his feelings and imaginations. Cucchi obtains a suggestive strength from nature, history

and culture, which he shows in a playful relationship with our technical world, using

«symbols» like a train or an ocean-liner and employing colour in terms of idea,

expansion and motion rather than for pictorial sensation. Cucchi allows his image total

freedom of movement in all directions. Evoking astonishment and confusion, Cucchi

does not aim to name, quote or prove anything, his pictorial language may be related

only to his personal wishes, dreams and hopes while at the same time he experiences

with the impetus of anonymity and of the impersonal.

His artwork is often accompanied by poetic texts some of which have been published.

In the late 1970s, Cucchi’s highly original work conspicuously stood out in a scene

dominated by conceptual art. Art critic and dealer Mario Diacono supported him by

exhibiting his work in Italy and the United States. Since 1979 Cucchi has maintained a

co-operative relationship with gallery owner Emilio Mazzoli in Modena and between 1981

and 1985 also Gian Enzo Sperone frequently exhibited Cucchi‘s work in his galleries in

Rome and New York. Consequently his experimental expressionist style gradually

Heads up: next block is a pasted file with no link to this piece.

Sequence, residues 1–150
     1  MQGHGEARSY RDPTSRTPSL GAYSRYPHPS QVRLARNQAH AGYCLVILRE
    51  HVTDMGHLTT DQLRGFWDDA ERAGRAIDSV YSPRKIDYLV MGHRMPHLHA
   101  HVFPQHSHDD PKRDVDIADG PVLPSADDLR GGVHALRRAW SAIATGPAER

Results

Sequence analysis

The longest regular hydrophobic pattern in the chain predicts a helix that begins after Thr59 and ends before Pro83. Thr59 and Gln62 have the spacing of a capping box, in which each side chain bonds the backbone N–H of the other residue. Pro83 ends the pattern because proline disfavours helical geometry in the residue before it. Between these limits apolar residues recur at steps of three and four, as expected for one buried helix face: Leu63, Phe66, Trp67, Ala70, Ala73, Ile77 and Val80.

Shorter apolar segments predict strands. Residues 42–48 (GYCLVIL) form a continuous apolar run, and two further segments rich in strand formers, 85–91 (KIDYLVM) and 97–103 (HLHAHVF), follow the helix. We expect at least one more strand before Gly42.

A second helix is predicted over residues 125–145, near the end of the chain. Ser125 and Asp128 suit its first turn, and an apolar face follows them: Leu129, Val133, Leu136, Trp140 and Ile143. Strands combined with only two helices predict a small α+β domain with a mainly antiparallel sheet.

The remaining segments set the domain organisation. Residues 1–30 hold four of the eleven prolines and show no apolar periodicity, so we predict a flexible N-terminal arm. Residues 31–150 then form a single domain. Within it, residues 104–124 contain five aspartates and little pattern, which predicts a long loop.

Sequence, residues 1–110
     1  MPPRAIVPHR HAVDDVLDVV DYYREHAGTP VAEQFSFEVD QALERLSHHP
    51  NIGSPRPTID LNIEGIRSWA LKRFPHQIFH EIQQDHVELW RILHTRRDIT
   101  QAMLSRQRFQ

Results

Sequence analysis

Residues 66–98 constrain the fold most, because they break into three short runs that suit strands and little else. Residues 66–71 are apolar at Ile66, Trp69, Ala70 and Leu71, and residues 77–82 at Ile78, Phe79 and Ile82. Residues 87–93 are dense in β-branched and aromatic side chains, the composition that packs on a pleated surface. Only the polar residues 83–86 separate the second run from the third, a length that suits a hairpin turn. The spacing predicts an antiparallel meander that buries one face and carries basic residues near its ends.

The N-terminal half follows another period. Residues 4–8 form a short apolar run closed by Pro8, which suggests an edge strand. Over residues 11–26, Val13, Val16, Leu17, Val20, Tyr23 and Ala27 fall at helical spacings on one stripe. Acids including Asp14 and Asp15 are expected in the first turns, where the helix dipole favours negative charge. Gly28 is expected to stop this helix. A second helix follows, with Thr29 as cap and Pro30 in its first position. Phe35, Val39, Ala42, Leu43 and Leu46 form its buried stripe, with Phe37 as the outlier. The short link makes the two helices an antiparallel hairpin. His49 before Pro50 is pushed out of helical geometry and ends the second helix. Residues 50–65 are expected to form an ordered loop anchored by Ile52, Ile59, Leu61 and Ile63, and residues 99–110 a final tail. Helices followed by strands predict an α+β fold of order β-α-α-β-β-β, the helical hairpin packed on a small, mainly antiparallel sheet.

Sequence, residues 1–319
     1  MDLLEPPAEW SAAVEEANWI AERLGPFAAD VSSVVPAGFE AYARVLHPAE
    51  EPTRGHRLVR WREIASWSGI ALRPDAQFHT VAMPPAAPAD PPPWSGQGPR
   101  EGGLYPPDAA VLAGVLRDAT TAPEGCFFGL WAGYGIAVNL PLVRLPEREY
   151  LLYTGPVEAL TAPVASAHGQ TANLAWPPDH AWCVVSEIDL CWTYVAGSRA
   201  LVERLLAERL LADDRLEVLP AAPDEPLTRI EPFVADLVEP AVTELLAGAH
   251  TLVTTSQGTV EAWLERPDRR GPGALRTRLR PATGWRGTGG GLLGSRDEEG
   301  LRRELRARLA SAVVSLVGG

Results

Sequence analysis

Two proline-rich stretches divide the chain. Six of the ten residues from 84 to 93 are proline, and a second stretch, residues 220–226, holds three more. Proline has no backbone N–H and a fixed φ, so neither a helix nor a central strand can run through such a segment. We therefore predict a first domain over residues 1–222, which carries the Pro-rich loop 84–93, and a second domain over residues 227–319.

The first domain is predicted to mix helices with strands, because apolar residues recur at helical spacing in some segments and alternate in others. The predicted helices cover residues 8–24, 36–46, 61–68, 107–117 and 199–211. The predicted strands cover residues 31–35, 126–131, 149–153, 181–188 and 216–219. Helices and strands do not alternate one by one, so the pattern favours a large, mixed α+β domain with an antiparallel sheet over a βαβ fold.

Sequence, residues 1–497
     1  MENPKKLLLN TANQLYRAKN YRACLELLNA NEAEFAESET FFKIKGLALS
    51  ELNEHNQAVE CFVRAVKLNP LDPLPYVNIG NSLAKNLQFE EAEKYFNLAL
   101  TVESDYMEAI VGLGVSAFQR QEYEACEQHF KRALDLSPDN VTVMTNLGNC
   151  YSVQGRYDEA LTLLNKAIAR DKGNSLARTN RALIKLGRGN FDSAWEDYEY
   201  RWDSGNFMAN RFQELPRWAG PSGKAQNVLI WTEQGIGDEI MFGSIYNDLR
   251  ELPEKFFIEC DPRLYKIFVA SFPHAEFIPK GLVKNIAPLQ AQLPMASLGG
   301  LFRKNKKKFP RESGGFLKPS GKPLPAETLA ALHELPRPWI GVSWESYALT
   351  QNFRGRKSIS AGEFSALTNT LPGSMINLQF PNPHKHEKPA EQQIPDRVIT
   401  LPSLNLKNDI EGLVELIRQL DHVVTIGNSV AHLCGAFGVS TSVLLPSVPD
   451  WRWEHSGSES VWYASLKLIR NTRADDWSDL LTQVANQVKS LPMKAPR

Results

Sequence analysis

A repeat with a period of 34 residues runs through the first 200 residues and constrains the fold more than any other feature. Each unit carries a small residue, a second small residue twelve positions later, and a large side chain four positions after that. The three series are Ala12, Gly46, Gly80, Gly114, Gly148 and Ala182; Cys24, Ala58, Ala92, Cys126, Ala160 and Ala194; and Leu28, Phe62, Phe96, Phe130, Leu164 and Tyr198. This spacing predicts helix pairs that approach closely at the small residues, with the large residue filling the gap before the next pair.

became influential whereas he set out to expand the material qualities in his art by

painting or drawing directly on walls, using ceramics, mosaic or painted images as a part

of sculpture and by creating free installation spaces.

From the beginning of the eighties on, Cucchi has been gaining international recognition

as a representative of the new figurative expression. Aside from the numerous Transavantguardia-

group-exhibitons, he had one-man-shows in galleries, museums and cultural sites all over the world .

Cucchi‘s varied interests have led him beyond the bounds of ordinary exhibitions. He has

made outdoor sculptures for the Bruglinger Park in Basel in 1984, and the Louisiana

Museum in Humblebaek, Denmark in 1985, a fountain for the garden of the Museo

d’arte contemporanea Luigi Pecci in Prato in 1988 and the Fontana d‘Italia at York

University in Toronto. Between 1992 and 1994 he collaborated with architect Mario Botta

on the chapel built on Monte Tamaro near Lugano, Switzerland, where Cucchi assisted

with designing the interior of the chapel, mainly the main altar and the executed murals

for the apse and nave. Cucchi enjoys close relationships with poets and writers like Paolo

Volponi, Goffredo Parise, Giovanni Testori, Ruggero Guarini, Alberto Boatto and Paul

Evangelisti. He has made illustrations for their books while they have written on his art.

Cucchi has also been active in the field of stage design: He has designed costumes and

sets for productions such as Rossini‘s and Respighi‘s La Bottega Fantastica at the

Rossini Opera Festival in Pesaro and Heinrich von Kleist’s Penthesilea, both in 1986,

Puccini‘s Tosca at the Teatro dell‘Opera in Rome, from 1990–1991, Pennisi‘s Funeral

of the Moon in Gibellina, in 1991 and an adaptation of Erasmus‘ In Praise of Folly, in

1992. In 1996 he designed the curtain for the Teatro la Fenice in Senigallia.

 

At present Enzo Cucchi lives and works in Rome and Ancona, places which provide him

with inspiration and multifaceted subjects for his work.

 

Galerie Bruno Bischofberger represents the artist in world wide exclusivity since 1981.